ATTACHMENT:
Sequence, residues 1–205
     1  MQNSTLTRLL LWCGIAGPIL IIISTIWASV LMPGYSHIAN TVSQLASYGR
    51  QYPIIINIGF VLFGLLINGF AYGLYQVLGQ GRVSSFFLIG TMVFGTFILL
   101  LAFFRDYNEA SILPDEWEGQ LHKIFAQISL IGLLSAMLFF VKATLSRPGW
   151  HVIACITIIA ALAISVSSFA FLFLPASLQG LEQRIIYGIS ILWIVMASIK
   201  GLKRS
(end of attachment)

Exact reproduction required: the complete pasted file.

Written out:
Sequence, residues 1–205
     1  MQNSTLTRLL LWCGIAGPIL IIISTIWASV LMPGYSHIAN TVSQLASYGR
    51  QYPIIINIGF VLFGLLINGF AYGLYQVLGQ GRVSSFFLIG TMVFGTFILL
   101  LAFFRDYNEA SILPDEWEGQ LHKIFAQISL IGLLSAMLFF VKATLSRPGW
   151  HVIACITIIA ALAISVSSFA FLFLPASLQG LEQRIIYGIS ILWIVMASIK
   201  GLKRS